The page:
Yes; bribed the Border Patrol. One of the myths is that illegal immigrants only cross in the desert, or through the River.

Corruption is the natural consequence of economic forces running into prohibitive laws.

I don’t mean that we should repeal all laws that are circumvented by corruption. Rather, I think we could more effectively enforce the important laws if we stopped wasting resources in the wrong places.


undocumented = illegal part 2...criminality

Well, my last post was  succinctly reiterated by Larry James' comment.  Although I think the path that he advocates leads to ... Golgotha...speaking truth to power might be called a suicide mission... ;-)....He certainly has thrown the gauntlet down regarding obeying laws.

But what about those of us who do obey the laws?  and believe in them? 

“Yes, they are poor, disenfranchised, and maybe the laws need review, But criminal is criminal”, you might say, "and until they are arrested, and pay for their crimes, there will be no respect for the corrected law, either".

OKAY, the woman caught in adultery deserved to be stoned. The Law was clear.  But are you dealing with the whole law, here?  Just as the men who brought her to Jesus had turned a blind eye to the missing co-adulterer, we have often ignore the obvious:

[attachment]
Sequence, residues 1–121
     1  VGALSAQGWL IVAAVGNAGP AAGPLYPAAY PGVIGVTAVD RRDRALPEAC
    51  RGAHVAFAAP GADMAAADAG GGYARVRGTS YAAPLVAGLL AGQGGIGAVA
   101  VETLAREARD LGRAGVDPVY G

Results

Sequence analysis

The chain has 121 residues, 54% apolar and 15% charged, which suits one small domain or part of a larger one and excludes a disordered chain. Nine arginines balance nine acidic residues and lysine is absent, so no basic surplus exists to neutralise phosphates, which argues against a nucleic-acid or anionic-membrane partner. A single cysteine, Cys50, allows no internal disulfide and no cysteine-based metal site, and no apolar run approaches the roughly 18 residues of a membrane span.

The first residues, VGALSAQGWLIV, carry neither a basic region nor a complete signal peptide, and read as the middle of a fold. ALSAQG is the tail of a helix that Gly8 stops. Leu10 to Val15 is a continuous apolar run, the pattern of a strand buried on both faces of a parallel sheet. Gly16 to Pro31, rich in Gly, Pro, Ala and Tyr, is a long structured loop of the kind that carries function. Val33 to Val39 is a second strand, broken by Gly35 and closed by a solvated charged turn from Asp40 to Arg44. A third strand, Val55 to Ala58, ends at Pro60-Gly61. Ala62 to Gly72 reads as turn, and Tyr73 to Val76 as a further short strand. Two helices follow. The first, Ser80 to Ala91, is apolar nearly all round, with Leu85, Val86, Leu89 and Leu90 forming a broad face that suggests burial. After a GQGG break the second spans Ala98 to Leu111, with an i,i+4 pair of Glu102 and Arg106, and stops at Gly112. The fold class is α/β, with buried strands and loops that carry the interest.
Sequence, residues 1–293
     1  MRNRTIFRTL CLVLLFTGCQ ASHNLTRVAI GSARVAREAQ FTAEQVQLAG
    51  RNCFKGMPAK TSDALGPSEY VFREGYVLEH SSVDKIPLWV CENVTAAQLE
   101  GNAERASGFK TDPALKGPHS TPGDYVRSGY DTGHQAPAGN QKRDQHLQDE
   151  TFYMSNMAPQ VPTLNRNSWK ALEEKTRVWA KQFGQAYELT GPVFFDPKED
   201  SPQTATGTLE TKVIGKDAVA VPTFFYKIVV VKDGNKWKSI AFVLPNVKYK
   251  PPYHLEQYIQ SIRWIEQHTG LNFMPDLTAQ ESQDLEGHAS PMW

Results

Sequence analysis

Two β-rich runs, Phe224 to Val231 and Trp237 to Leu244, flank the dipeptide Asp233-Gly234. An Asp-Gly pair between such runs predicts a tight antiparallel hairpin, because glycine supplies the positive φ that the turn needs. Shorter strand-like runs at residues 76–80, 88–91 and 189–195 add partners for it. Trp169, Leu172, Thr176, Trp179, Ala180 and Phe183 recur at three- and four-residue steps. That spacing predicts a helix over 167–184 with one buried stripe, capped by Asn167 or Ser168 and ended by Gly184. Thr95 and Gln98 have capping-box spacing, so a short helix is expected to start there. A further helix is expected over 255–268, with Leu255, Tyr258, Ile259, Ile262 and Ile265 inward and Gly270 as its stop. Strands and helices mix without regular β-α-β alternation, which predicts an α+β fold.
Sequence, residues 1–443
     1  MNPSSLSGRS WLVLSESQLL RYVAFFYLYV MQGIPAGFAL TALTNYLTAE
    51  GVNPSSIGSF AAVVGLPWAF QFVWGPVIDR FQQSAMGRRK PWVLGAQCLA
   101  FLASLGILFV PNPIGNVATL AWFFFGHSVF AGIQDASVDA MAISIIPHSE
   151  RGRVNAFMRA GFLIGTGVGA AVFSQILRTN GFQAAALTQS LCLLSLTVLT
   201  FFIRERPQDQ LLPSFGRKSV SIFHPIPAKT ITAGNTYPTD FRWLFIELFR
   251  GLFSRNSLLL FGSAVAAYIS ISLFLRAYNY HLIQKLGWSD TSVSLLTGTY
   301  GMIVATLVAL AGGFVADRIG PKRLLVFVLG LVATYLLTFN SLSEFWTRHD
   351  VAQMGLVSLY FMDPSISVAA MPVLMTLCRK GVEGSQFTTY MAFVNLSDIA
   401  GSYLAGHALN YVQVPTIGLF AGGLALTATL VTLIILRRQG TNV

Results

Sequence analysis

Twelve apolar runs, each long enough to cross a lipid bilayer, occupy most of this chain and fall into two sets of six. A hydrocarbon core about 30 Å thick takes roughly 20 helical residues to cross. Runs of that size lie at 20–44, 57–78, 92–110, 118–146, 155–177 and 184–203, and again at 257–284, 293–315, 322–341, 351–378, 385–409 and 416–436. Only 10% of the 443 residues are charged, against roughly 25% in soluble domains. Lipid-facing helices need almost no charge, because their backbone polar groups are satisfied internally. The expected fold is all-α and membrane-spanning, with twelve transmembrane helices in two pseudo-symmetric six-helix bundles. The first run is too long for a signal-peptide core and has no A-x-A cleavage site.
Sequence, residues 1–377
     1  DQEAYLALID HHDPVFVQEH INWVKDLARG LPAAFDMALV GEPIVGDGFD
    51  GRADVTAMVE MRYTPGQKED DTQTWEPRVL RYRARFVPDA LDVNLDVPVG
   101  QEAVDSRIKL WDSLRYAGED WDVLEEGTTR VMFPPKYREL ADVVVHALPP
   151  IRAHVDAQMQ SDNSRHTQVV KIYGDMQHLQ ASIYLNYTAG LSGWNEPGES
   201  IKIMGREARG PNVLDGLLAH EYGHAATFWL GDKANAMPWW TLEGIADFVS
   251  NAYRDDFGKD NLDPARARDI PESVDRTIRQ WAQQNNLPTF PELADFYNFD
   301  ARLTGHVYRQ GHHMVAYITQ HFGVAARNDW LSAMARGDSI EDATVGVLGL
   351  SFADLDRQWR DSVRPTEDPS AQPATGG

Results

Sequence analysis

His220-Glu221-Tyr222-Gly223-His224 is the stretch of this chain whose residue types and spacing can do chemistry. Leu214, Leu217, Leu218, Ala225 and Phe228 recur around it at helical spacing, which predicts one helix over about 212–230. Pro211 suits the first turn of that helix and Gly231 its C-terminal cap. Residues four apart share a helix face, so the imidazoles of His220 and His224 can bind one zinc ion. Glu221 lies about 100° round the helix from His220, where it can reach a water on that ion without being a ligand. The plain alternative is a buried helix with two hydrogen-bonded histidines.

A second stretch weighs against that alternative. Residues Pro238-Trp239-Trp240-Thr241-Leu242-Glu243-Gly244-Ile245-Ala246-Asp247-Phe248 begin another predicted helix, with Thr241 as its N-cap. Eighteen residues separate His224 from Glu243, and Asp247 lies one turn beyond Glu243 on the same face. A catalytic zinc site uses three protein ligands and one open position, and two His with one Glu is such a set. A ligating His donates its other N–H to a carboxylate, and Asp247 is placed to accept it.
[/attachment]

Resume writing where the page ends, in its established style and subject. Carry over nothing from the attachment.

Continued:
Who is hiring these people you call criminal? They would not come if there was no work. Someone (a lot of someone’s) is hiring them. Is that a criminal activity?

I have heard of cases of abuse of our welfare system by undocumented aliens. That is not right. I don’t sympathize, but I can understand it, because we are so stinking rich in comparison to where they come from, that if they are given food stamps or free medical attention by filling in forms, I am sure they are thinking that there is a limitless supply from which to draw. (like many Americans do when they say…”insurance will pay for it”, for instance ) It just doesn’t seem all that immoral to a person who grew up in a hut with a dirt floor, and now sees the incredible excesses of our society.

But I cannot understand the motivation of someone who is already fairly wealthy, who hires the undocumented, and then (as I have also heard first hand) takes advantage of their illegal status to defraud them of agreed upon wages. Even those agreed upon wages would have been considered immoral by some. Who is the criminal? Let’s see…the result of one of these “criminals” is economic growth in a poor family and town ( I have witnessed this effect in the communities of Guatemala). This sounds like one of our cultural heroes; Robin Hood. The other “criminal” in this combined effort to break US laws takes his ill gotten gain, and helps who?

For decades, the influx of aliens was absolutely ignored, as they earned money for the movers and shakers of our communities, and cared for the children and washed the clothes of our best families at a discounted rate.

So, who is qualified to cast that first stone?


a continuing debate on undocumented aliens